“It took many years to get to this point; it also took having a governor who is so clear that this needs to happen now—not in the second or third year of her term.”
Two factors helped turn the tide for the initiative’s bipartisan support. Bieber says advocates made good use of the work of James J. Heckman, who has written extensively about the return on investment for societies that invest in comprehensive, high-quality birth-to-five early education. Heckman’s data clearly show the benefits in sectors such as health, crime, income, IQ, education and the increase to a mother’s income after returning to work when she has adequate childcare.
Armed with this information, advocates approached the legislators who were most likely to be hard-nosed on the fiscal aspect of such an initiative and made the case from a financial as well as a moral point of view.
“We think kids deserve to be taken care of and provided educational and healthcare resources just because they’re kids,” Bieber says. “But the fiscal point can be made as well. In every area, whether it’s reducing the number of kids who repeat kindergarten or require health interventions down the road or have interactions with the corrections system, there are so many ways that smart investments in early childhood will save the state money in the long term.”
Secretary Groginsky says a key factor in getting House Bill 83 passed was that all the Cabinet Secretaries from the various departments within the Children’s Cabinet came to all hearings on behalf of the bill—a testament, she says, to their commitment to the issue of early childhood and their determination to get something definitive done. The result, she says, will be a more collaborative and comprehensive approach to the delivery of services to the state’s families.
New Mexico’s cultural richness is fed by a breathtaking diversity—extremely rural villages and vibrant cities; the very wealthy and the exceedingly poor; Anglo, Hispanic, Native American communities, none of which is monolithic—so a great deal of buy-in from a mosaic of groups has been essential, Groginsky says.
“Our goal is to be thinking holistically,” she says. The agency will be traveling throughout the state to gather input from providers and other stakeholders. “We’re excited by the opportunity to build stronger communities that can meet the needs of all of our families. We have 19 pueblos, the Navajo nation and three Apache tribes. They all have direct programs for their young children. We’re looking at how we can support all of these communities statewide in the ways they want and need to be supported, to elevate the needs, challenges and opportunities that exist in all of our communities.”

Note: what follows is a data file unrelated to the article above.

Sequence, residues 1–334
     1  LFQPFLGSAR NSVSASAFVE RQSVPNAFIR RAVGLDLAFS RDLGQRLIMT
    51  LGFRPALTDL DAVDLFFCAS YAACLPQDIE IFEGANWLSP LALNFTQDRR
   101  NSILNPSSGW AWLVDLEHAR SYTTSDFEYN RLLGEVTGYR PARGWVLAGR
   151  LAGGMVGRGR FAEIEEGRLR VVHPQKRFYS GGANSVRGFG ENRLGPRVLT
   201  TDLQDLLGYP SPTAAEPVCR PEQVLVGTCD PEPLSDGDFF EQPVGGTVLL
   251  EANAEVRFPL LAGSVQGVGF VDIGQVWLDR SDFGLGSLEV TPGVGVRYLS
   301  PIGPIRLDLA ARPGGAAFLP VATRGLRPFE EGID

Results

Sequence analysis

An important component of the ECECD initiative is the compensation and credentialing of the early-childhood workforce. Groginsky says making sure all the home-visit personnel, early-intervention providers, early childhood educators and those working in the classroom with infants, toddlers and preschoolers, have access to a living wage, benefits and support.
“From that existing workforce, we want to develop a strong pipeline of early childhood educators,” she says.
One of the key architects in developing the Trust Fund model for the ECECD is Olivia Padilla-Jackson, Secretary of Finance and Administration. As Gov. Lujan Grisham’s top budget official, she has also been a relentless advocate for ECECD and ensuring that it had a stable, reliable source of funding. Mariana Padilla said Padilla-Jackson’s presence at the table to talk with legislators about the finance aspect and the sense it makes from an economic standpoint made a big difference for some of the more fiscally conservative legislators—one of whom, Democratic Sen. John Arthur Smith of Deming, ended up co-sponsoring the legislation.
“Once you figure out what your financial channel is going to be, whatever the mechanism or revenue tool you’re going to use,” Padilla-Jackson says, “you have to start socializing that with the people you think are going to be your hardest to convince from a financial standpoint. We talked with the individual committees that tend to be more fiscally conservative and they heard us out on the financing mechanism and began to say, ‘Hmmm … that actually makes sense.’ Then, without asking, Senator Smith ended up signing onto the bill as a co-sponsor. That was icing on the cake.
“When we would talk about it,” she says, “one of the reactions was, ‘But this is going to grow so slowly. This is such a slow mechanism.’
“I told them, ‘The best time to plant a tree is 10 years ago, and the second-best time is today. You’re right. It is going to be slow, but let’s do it now. Let’s go.’”
All photos courtesy New Mexico Early Childhood and Care Department
K.C. Compton worked as a reporter, editor and columnist for newspapers throughout the Rocky Mountain region for 20 years before moving to the Kansas City area as an editor for Mother Earth News. She has been in Seattle since 2016, enjoying life as a freelance and contract writer and editor.